Let me give you an example. Here in Chicago in 1960, at the University of Chicago, the Center for Research in Security Prices, that’s a stock exchange, created a database of every stock and bond transaction going back to 1926. That database has been used by countless thousands of researchers and professionals to develop and test their theories on how the market works. We can easily do the same thing for medicine. As one top cancer researcher told me, “We have to allow the data to actually yield the answers by being willing to see the whole picture, not just what we expect to see.” That can be fully within our power. To succeed with the moonshot, I desperately need your help.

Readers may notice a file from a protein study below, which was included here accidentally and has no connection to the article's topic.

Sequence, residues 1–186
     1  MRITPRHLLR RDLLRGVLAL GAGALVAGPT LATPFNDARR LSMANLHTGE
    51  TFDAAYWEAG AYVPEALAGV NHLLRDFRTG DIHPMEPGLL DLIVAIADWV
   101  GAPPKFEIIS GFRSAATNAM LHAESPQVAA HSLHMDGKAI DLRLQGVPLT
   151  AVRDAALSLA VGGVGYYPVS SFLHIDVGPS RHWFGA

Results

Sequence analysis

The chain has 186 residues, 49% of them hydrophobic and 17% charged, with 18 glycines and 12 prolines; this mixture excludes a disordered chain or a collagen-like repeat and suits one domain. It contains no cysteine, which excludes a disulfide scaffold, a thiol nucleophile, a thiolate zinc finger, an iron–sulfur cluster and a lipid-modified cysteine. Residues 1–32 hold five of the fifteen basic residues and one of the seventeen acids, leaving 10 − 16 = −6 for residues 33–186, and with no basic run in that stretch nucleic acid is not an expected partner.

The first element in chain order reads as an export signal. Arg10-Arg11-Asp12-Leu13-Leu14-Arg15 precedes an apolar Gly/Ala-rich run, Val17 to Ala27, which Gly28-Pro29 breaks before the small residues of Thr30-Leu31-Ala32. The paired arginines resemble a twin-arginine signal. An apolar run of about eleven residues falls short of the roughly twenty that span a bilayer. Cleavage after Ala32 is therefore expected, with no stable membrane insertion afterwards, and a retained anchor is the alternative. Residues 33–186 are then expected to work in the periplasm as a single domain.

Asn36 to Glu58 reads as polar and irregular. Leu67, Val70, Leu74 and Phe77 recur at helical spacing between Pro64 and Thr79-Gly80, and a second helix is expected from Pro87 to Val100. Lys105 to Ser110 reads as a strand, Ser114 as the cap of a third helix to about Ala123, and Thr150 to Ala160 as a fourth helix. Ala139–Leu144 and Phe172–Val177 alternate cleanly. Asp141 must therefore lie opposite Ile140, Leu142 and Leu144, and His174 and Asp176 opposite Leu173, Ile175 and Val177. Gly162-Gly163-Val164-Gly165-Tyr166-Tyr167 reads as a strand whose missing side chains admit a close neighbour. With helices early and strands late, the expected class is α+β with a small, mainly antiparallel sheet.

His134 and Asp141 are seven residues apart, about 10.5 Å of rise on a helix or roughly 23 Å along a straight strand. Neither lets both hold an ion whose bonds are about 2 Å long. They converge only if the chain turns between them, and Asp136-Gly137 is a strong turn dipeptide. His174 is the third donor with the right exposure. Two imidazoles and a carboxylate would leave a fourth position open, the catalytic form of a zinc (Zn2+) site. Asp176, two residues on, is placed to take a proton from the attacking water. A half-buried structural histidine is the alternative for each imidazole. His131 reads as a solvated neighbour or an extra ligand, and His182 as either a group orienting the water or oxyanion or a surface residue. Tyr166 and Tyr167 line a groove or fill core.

I’d like to issue a challenge to you. First, expand CancerLinQ so that it can meaningfully and seamlessly connect with other project networks like Project GENIE and ORIEN and QUILT and the GDC in pursuit of a national and international flow of patient data. Second, help us create a system that awards team science and makes it the norm, not the exception, that promotes greater sharing of data and that shares resources and disseminates breakthroughs more rapidly. As all of you know, the current system is still based on the cult of the individual and it fails to reward teamwork adequately, The way in which we award publication credit, tenure credit, patient ownership, that can all be improved to support team approaches. But you have to come up with it.